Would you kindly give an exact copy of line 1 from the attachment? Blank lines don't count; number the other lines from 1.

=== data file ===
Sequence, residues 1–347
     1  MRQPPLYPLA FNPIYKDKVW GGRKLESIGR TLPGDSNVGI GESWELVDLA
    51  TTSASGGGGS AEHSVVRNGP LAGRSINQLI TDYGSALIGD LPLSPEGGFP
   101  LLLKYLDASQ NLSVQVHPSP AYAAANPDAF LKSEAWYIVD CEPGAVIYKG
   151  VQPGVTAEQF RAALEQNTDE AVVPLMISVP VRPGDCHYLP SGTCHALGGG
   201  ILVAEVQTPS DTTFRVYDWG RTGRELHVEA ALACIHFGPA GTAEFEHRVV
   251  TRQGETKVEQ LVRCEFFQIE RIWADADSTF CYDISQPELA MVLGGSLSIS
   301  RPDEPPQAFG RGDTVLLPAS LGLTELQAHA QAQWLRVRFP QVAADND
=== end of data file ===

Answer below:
Sequence, residues 1–347